Despite ongoing attempts from mainstream media to villainize electronic cigarettes, it seems the general public is mostly okay with vaping. In fact, a recent study confirmed that most people didn’t mind people using e-cigs nearby at all. When Harris Interactive conducted a random public survey, 63 percent of adults said public vaping wasn’t bothersome.
During the telephone survey, 515 men and 506 women were asked two specific questions about e-cigarette use. First, they researchers asked, “If someone was using an electronic cigarette, or an e-cigarette in close proximity to you, would it bother you?” It turns out that two-thirds of people don’t mind if someone puffs on an e-cig nearby, but women were more likely to be annoyed by it than men.
Next, researchers asked how people felt about vaping in specific locations. They asked, “Would you approve or disapprove of someone using an e-cigarette in the following locations, or do you have no opinion one way or the other?” Then they mentioned specific places like offices, airplanes, malls, bars, airplanes, restaurants, and sporting events.
It turns out that people’s approval of vaping really varies by location. For instance, 58 percent of people were okay with using e-cigs at sporting events, but they were much less tolerant on public transportation where only 35 percent approved. The vast majority did not like vaping in movie theaters or on airplanes. Most men were okay with vaping in restaurants or bars, whereas only 38 percent of women felt that was appropriate.
Harris Interactive conducted the survey at the request of Mistic Electronic Cigarettes. Based in North Carolina, Mistic is a growing brand and CEO John Wiesehan Jr. said they wanted to learn more about how the public felt about vaping. “We did this survey more for our own education, to be blunt about it,” he said. “Some municipalities allow e-cigarettes, some don’t. Some are looking at how they want to handle it.”
Once the results were in, Wiesenhan said he was most surprised by the level of acceptance at sporting events. He didn’t expect that to be as high as the survey discovered. However, he was not surprised to see that people did not approve of vaping on airplanes, considering the space is so small and confining. “I could see where people could be a little nervous in that situation,” he said.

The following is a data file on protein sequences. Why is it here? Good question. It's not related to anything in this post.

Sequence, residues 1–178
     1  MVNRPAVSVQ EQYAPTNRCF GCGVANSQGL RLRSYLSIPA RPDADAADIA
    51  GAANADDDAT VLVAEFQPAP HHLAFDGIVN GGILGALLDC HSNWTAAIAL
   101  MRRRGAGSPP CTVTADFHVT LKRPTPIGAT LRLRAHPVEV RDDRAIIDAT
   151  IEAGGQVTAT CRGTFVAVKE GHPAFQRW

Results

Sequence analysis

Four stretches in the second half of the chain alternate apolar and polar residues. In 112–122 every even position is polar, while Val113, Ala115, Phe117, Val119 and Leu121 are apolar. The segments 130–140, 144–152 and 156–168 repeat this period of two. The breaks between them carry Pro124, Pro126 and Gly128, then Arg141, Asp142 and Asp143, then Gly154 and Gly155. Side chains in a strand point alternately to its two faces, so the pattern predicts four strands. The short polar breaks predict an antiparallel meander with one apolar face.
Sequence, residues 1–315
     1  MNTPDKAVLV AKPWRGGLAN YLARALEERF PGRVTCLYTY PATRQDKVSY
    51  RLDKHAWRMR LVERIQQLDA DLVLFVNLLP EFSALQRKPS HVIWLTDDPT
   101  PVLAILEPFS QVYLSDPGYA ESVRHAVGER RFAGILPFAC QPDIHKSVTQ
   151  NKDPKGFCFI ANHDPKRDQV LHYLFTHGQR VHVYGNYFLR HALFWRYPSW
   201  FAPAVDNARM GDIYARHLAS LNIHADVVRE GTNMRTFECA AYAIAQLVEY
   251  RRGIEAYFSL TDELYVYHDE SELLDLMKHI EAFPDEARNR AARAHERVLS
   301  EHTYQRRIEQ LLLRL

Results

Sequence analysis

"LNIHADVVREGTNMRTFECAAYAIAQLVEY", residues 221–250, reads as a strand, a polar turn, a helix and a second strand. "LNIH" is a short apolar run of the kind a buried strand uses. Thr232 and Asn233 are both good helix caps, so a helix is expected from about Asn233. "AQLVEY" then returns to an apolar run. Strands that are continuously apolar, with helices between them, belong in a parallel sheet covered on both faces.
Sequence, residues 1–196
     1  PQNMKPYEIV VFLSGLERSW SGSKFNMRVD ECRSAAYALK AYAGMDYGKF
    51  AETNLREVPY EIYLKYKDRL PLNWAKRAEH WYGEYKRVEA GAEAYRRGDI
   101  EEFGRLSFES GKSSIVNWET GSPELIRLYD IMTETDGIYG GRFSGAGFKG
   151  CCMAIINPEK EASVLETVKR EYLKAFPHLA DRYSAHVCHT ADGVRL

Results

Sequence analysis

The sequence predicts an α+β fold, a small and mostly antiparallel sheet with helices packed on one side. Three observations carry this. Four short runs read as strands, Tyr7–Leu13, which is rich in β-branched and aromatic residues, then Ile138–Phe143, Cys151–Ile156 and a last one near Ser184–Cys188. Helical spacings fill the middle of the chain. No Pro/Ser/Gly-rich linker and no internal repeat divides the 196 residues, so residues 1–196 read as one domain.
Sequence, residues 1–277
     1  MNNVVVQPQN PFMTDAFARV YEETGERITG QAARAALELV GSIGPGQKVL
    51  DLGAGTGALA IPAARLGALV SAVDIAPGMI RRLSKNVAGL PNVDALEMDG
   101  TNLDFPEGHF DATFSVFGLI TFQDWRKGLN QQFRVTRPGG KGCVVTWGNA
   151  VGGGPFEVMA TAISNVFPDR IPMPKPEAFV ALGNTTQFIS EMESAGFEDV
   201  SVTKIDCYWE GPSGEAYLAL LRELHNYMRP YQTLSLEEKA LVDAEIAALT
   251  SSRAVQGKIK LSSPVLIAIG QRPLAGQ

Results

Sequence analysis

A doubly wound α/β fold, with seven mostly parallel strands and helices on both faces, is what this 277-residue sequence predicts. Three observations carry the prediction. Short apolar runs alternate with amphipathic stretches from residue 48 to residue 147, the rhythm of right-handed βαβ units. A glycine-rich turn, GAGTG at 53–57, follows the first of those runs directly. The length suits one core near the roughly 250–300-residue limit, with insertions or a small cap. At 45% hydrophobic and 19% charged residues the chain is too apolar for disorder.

Mistic plans to use the data collected during the survey to start a conversation about appropriate e-cigarette etiquette. Hopefully, this will help vapers learn more about how the general population feels about e-cigs so we can be sensitive in situations where people might be uneasy about e-cig use.
It’s also noteworthy that the survey found a big difference in responses depending on age and geographical location. Young adults under age 35 were much more accepting of e-cigarettes than older people. In fact, 70 percent of young adults didn’t mind vaping at all. However, only 46 percent of older adults were accepting. People living in the west were not as tolerant of e-cigs on planes as people living in the Midwest.
Economic class could also play a role in how people view electronic cigarettes. The survey found that people with incomes between $50,000 and $75,000 were more likely to be tolerant of vaping than people with lower incomes.
Overall, this new data shows us that the negative stigma around electronic cigarettes is finally fading. People are learning the facts about vaping and debunking the myths and scare tactics that the media uses to frame e-cigs as an enemy.
Are you surprised that two-thirds of people don’t mind vaping in public?